Insider Blog: A Toast to Iraq
Having moved back to Canada earlier in the year, I always knew that this was going to be an important 12 months in the history of the sport in this country. For all my hopes for Canadian soccer this year, the end result was progress and setback. The revelation that was Toronto FC and its fans and the first-class staging of the FIFA U-20 World Cup are things to be immensely proud of. However, the woes of the Canadian Soccer Association through its internal strife was nothing short of depressing, and those in charge must aim to change things quickly, if it wants to restore any amount of credibility amongst a cynical Canadian soccer public.
I would have also liked the choice of a highly memorable moment from the 2007 Whitecaps season, but as many of you well know, there were few highlights to pick out. The obvious bright spot had to be the Los Angeles Galaxy friendly in early November, just for the sheer fact that nearly 50,000 people attended the game on two-and-a-half weeks notice, and that David Beckham made a decent run-out against our lads. I really hope the enthusiasm we all saw at BC Place translates to what could a special and unique 2008 season for the club.
Despite the topics that I have mentioned, my soccer moment of the year has come from this past summer and the AFC Asian Cup, where the game witnessed a modern-day sporting miracle. So rare was this achievement that I doubt any of us may see something like this again in soccer in our lifetime, though I do hope that is not the case….
Until last July, the first thought for most people about the country of Iraq was a land torn apart by war, terrorism, and civil strife. Death and violence always seemed to go hand-in-hand with news headlines from the country, and over time, the world can be forgiven for being left with negative feelings about the Middle Eastern nation. In fact, it was commendable enough that the Iraqis had succeeded in qualifying for the Asian Cup finals, but few would have expected much from the squad known as The Lions of Mesopotamia.
Led by Brazilian coach Jorvan Vieira, Iraq were initially drawn in Group A with co-hosts Thailand, powerhouse Australia, and IrqMiddle Eastern rivals Oman. The Iraqis actually took part in the tournament’s opening match in Bangkok, and it was their inspirational captain Younis Mahmoud who earned Iraq a 1-1 draw. However, the result that likely made the soccer world stand up and take notice was Iraq’s second group game when they defeated Australia’s SoccerRoos 3-1. It was a result that propelled Iraq to win the group after an uneventful goalless draw with Oman and remain in Bangkok for the quarterfinals to face another co-host in Vietnam. In that contest, skipper Mahmoud led by example again, as Iraq disposed of their South East Asian opponents 2-0 and set up a semifinal clash with Far East giants South Korea in Kuala Lumpur, Malaysia.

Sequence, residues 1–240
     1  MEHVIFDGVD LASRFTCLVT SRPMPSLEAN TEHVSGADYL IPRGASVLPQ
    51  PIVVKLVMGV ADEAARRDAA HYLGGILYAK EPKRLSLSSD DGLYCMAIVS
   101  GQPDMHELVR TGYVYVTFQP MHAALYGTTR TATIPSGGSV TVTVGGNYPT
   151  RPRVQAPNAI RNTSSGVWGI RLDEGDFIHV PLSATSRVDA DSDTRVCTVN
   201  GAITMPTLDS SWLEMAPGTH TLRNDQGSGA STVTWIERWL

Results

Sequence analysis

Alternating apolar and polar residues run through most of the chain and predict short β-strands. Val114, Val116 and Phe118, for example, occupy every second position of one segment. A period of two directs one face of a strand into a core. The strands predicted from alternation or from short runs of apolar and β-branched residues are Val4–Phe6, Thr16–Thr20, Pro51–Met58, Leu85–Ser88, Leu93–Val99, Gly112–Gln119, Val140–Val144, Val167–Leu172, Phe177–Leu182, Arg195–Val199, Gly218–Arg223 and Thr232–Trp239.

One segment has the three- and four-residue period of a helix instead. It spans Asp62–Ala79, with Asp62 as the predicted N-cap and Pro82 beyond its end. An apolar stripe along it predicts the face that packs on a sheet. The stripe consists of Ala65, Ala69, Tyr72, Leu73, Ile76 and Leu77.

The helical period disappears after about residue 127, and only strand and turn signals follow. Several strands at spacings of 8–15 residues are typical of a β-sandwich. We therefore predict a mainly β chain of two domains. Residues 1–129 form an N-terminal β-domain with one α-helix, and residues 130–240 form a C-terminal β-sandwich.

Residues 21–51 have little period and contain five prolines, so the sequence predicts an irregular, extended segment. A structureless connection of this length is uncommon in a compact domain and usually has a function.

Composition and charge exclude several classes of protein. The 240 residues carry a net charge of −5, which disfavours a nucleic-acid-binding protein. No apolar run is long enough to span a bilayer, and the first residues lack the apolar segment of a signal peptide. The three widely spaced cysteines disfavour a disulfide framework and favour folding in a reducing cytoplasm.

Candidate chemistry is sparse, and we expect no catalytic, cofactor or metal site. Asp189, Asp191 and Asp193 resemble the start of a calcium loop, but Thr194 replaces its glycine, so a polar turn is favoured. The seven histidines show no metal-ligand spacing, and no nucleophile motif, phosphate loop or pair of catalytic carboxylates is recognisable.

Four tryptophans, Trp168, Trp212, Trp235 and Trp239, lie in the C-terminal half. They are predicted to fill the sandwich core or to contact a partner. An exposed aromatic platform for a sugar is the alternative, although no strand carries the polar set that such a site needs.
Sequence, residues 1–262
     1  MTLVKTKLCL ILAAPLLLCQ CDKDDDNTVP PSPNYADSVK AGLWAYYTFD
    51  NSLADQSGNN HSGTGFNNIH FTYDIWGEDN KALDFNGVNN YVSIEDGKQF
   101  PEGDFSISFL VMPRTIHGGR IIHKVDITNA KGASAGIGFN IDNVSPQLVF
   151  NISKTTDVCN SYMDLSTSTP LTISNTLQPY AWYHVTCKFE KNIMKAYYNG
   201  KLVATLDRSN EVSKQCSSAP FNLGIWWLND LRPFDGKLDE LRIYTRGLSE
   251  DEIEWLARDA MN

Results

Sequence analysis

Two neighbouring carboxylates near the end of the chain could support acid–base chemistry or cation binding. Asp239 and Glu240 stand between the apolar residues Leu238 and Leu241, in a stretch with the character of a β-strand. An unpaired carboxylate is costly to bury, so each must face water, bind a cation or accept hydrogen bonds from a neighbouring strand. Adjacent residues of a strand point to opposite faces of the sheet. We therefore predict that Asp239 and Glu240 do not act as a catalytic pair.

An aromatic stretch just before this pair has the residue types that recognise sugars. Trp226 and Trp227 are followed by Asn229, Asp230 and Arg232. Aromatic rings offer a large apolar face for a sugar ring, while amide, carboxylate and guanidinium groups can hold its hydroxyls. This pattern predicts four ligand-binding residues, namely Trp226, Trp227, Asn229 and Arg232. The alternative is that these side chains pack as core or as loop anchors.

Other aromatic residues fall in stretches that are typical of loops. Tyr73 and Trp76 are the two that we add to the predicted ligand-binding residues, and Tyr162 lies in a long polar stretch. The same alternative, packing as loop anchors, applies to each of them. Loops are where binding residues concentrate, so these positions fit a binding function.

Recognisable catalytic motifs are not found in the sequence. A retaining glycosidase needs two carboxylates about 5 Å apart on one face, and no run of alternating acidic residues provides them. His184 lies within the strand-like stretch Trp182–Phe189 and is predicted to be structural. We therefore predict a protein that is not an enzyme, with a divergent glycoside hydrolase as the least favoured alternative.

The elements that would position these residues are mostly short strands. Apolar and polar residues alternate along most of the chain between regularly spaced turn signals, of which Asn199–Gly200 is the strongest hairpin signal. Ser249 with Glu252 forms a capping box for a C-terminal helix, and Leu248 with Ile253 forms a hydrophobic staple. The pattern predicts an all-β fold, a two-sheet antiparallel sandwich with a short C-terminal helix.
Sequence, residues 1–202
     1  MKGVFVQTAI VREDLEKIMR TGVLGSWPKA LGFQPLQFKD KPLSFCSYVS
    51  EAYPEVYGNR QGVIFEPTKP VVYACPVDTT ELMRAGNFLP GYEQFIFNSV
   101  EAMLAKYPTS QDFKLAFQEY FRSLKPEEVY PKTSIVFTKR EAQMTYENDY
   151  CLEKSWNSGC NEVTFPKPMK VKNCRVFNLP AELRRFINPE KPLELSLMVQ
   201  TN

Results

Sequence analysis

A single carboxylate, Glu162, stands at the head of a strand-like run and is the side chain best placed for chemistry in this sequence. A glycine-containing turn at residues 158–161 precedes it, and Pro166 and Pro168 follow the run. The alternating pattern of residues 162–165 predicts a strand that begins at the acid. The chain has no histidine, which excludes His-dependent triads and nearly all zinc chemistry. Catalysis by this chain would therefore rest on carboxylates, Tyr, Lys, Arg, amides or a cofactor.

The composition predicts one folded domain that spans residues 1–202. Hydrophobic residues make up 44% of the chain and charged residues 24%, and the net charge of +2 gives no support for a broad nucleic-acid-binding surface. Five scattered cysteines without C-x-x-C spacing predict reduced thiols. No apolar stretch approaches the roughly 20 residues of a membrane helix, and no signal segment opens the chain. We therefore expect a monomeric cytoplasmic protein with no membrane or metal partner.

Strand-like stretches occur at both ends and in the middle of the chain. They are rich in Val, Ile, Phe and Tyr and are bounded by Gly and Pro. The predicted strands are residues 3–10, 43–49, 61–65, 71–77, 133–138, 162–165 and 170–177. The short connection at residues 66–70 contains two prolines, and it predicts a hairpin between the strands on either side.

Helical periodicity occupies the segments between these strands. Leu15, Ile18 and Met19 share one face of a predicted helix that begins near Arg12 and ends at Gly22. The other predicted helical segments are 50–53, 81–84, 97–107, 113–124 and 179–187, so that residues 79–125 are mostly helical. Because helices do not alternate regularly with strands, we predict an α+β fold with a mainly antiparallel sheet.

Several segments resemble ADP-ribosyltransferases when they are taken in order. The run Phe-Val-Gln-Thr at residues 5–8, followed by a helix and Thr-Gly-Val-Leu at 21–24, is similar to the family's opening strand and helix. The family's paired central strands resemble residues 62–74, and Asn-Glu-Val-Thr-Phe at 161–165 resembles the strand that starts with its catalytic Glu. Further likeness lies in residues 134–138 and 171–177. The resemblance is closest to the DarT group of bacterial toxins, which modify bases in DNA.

It had been a ‘feel good’ story to this stage, but at the time, I could not see how Iraq was going to overcome one of Asia’s most powerful national teams. Sheer guts and will were needed by Iraq at this stage, and after 120 minutes of goalless soccer action with The Taeguk Warriors, the game went to penalties. Inspiration and fortune remained with Vieira’s men, as Iraq goalkeeper Noor Sabri made a crucial save in a 4-3 shootout victory that took his country into its first Asian Cup final appearance.
As amazing as that was, I still had my doubts that the Iraqi fairytale would conclude in tournament triumph. Yasser Al Qahtani had been prolific in front of goal for Saudi Arabia, and his side looked to have more than enough quality to win the final in Jakarta, Indonesia….Happily for me, I was wrong again.
I wonder now if July 29 will be a date remembered by Iraqis for all time, and if Mahmoud’s decisive second-half header against the Saudis actually catapulted Vieira’s squad into the annals of world sporting history. Of course, there have been accolades recently awarded to Iraq’s national team. The squad claimed World Soccer magazine’s World Team of the Year and Asia’s National Team of the Year awards, but for me, their achievement went beyond any of the silverware they have received.
To have Iraq written in a positive light for once and to see the celebrations in the streets of Baghdad and Basra that day left me with a great feeling about our game and sport in general. The financial resources that some clubs and national teams have does not always translate into success. Association football still requires guts and determination to win top-class competitions, and in the most heart-warming of ways, the most politically chaotic of nations gave us all a lesson in pride and passion when you represent your country in sport. Not only that, Iraq reminded us all that teams are equal when they step out on to the soccer pitch to face each other.
By the time Iraq were crowned Asian champions, I knew the remaining five months of the year would not likely have anything as positive and significant in soccer then what was seen in South East Asia this past July….may we all be blessed again with a similar experience in the future.
On that bright and cheerful note, I would like to wish all Whitecaps fans a happy and safe holiday season, as well as happy and prosperous 2008.
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